Habitats of North Carolina
Habitat Group:
Habitat Type:
Members of General Hardwood Forests:
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General Hardwood Forests
Wet-Mesic Forests with Seepages/Headwater Streams
General Description This habitat is used by amphibious species of animals whose larvae require seepage wetlands or small, low-order streams for their development but whose adults forage widely in the forests in which the breeding habitats are embedded. The Amphibian members of this habitat range out from the wetlands to varying extents, foraging or dwelling under hardwood leaf litter, underground burrows, or fallen logs. The Odonates feed primarily on aerial prey, including arthropods associated with both the wetland and forest components of their environment.

This particular habitat is used by the most wide ranging of these species and are associated primarily with hardwood forests, including dry or mesic stands, but also with at least some examples from floodplains. Species that are more limited in range or that are restricted to Longleaf Pine woodlands or other specific types of forest are treated in other habitats. Species that make use of deeper pools that are more isolated from fish-containing habitats are treated in the General Hardwood Forests with Isolated Pools habitat.

Abiotic Factors Geographic Regions: Lower Coastal Plain to High Mountains. USDA Hardiness Zones: 6-8. Landform: slopes, bottomlands, and wet flats and occasionally on ridges. Slope Aspect: north and east facing on slopes, otherwise flat. Soil Moisture: Mesic to wet. Soil texture: loamy to silty. Soil pH: acidic to circumneutral. Soil Nutrient Content: nutrient-poor to rich in mafic or calcareous minerals.Microclimate: Cool and humid. Hydrological Features: springs and seeps must be present and are usually common, particularly at the interface between slopes and bottomlands. Flood Frequency: upper slopes usually never flood but lower slopes and bottomlands may flood several times per year. Flood Duration: hours to days in the bottomlands and lower slopes. Fire Frequency: very rare. Drought Frequency: uncommon to rare. Ice Storm Damage: low to moderate. Wind Storm Damage: moderate. Insolation: the ground layer of these forests are deeply shaded.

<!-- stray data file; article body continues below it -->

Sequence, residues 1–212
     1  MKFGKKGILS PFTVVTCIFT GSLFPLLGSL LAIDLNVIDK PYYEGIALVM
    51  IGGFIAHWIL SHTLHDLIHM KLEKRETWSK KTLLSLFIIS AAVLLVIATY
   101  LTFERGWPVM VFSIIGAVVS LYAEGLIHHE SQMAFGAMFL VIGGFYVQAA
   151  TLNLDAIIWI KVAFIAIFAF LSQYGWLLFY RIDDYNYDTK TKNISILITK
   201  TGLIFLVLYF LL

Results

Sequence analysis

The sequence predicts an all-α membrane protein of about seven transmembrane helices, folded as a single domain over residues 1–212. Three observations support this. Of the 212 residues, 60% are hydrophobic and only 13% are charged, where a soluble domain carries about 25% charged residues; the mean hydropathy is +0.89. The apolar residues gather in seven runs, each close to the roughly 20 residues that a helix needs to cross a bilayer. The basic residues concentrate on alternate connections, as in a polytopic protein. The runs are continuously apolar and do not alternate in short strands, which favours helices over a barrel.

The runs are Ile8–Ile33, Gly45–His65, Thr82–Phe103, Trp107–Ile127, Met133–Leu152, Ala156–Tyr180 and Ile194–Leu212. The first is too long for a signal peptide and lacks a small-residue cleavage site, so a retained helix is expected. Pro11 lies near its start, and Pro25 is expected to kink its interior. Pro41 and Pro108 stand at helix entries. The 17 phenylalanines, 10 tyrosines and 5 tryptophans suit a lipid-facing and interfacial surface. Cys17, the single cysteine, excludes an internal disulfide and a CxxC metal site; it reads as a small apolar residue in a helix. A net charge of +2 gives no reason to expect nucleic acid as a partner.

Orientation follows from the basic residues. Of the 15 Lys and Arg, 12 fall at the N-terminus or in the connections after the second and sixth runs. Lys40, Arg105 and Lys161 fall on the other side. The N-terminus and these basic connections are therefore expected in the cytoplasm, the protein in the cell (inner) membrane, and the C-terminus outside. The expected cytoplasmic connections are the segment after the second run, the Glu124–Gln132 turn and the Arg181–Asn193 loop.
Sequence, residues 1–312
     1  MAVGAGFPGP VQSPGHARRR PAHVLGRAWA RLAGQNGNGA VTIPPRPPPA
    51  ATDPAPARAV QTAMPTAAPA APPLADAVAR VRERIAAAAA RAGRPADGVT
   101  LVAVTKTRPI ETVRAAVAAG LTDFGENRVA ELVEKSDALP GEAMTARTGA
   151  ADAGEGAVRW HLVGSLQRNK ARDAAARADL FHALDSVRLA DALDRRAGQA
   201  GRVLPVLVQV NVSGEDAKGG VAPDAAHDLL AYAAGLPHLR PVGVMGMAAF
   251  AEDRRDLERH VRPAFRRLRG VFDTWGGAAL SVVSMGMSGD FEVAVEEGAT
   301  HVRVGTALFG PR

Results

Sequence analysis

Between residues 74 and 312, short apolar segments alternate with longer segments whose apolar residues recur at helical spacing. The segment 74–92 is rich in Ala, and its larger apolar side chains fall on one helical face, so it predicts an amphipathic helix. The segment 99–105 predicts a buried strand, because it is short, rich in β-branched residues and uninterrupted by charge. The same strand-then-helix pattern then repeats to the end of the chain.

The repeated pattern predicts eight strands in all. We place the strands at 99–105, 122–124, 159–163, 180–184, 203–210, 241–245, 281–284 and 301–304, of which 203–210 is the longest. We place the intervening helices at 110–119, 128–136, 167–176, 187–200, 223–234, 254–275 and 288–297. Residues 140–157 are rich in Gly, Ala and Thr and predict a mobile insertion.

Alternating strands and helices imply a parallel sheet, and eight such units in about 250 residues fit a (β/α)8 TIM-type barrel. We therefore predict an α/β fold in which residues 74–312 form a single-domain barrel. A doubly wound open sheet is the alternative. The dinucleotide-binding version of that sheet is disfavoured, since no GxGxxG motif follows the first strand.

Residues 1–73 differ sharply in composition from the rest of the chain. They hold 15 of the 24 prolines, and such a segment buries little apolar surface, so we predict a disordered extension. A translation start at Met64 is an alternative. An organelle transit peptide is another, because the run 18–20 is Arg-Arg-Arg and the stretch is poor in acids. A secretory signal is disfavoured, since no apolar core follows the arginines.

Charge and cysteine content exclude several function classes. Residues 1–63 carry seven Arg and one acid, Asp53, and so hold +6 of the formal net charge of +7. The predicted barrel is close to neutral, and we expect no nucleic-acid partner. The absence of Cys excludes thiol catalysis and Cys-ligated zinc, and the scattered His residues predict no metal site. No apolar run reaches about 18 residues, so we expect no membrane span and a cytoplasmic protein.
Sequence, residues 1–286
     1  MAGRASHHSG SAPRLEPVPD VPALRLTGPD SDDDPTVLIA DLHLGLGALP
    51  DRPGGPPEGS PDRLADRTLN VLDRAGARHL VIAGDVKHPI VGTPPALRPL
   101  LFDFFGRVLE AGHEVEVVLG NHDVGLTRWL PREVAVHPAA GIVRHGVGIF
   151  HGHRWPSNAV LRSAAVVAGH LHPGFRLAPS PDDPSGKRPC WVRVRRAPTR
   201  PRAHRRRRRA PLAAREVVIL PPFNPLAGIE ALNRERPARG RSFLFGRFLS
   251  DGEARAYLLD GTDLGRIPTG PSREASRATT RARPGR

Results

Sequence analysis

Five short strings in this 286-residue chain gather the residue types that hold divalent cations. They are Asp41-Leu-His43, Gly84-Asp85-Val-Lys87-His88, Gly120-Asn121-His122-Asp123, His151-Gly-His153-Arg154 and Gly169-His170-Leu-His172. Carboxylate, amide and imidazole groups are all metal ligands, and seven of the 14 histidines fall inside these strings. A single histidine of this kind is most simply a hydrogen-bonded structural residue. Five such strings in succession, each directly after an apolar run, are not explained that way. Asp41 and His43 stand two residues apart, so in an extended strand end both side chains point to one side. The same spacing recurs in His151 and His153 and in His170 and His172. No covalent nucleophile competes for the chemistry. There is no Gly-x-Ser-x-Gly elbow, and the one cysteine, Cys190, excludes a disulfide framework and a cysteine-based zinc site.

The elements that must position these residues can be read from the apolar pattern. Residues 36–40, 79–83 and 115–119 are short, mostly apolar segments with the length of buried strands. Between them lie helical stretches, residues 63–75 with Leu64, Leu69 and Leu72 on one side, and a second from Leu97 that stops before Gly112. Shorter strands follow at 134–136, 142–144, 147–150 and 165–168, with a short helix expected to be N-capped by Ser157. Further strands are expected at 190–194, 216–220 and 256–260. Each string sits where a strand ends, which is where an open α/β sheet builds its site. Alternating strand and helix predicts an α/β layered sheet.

Biotic Structure Vegetation Type: closed-canopy forest composed primarily of broadleaf, deciduous trees. Strata: Subcanopy, shrub, and herb-layers are sparse and often very open; never as lush as in the Rich Wet-Mesic Hardwood Forests. Shelter: Woody debris and leaf litter are plentiful except in flood channels or other areas frequently scoured by floods.

Co-evolved Species Groups Competitory Guilds:
Seep and Spring-Run Patrolling and Breeding Odonates: Cordulegaster bilineata-Cordulegaster erronea-Cordulegaster obliqua-Somatochlora tenebrosa-Tachopteryx thoreyi
Seep and Small Stream Breeding Forest Salamanders: Eurycea chamberlaini-Eurycea cirrigera-Eurycea guttolineata-Pseudotriton ruber

Determining Species
Helocordulia selysiiSelys' Sundragon
Somatochlora provocansTreetop EmeraldG4S2S20.03699
Cordulegaster obliquaArrowhead SpiketailG4S3S30.00407
Cordulegaster erroneaTiger SpiketailG4S3S4S3S40.00132
Cordulegaster bilineataBrown SpiketailG5S4S40.00041
Somatochlora tenebrosaClamp-tipped EmeraldG5S4S40.00041
Tachopteryx thoreyiGray PetaltailG4S4S40.00041
Calopteryx maculataEbony JewelwingG5S5S50.00000
Eurycea chamberlainiChamberlain's Dwarf SalamanderG4S4S40.00041
Eurycea cirrigeraSouthern Two-lined SalamanderG5S5S50.00000
Eurycea guttolineataThree-lined SalamanderG5S5S50.00000
Pseudotriton ruberRed SalamanderG5S5S50.00000
Nr = Number of Ranked Species = 11
Ner = Number of Extant, Ranked Species = 11
Nv = Number of Historic and Extirpated Species = 0
Nar = Number of Species at Risk of Extirpation (State rank > S5) = 7
Nss = Number of Secure Species (State Rank = S5) = 4
Pss = Proportion of Secure Species (Nss/Ner) = 0.36364
ENE = Expected Number of Extirpations (Sum of PE) = 0.04402
Average PE (ENE/Ner) = 0.00400
Habitat Risk Index = (Nar+Nv) x Average PE = 7 x 0.004 = 0.028

Estimated Risk to the Determining Species
Estimated Risk to the Co-evolved Species Groups
Estimated Security of the Habitat
Index of Habitat Imperilment
Identified Risks
Observed Trends
Distribution Map
Major Conservation Reserves
Priority Areas for Surveys and Conservation Protection
Stewardship and Management Recommendations
References Seymour, S.D. 2011. Vegetation of Non-alluvial Wetlands of the Southeastern Piedmont. M.S. Thesis. University of North Carolina – Chapel Hill.
Updated on 2021-12-22 00:30:02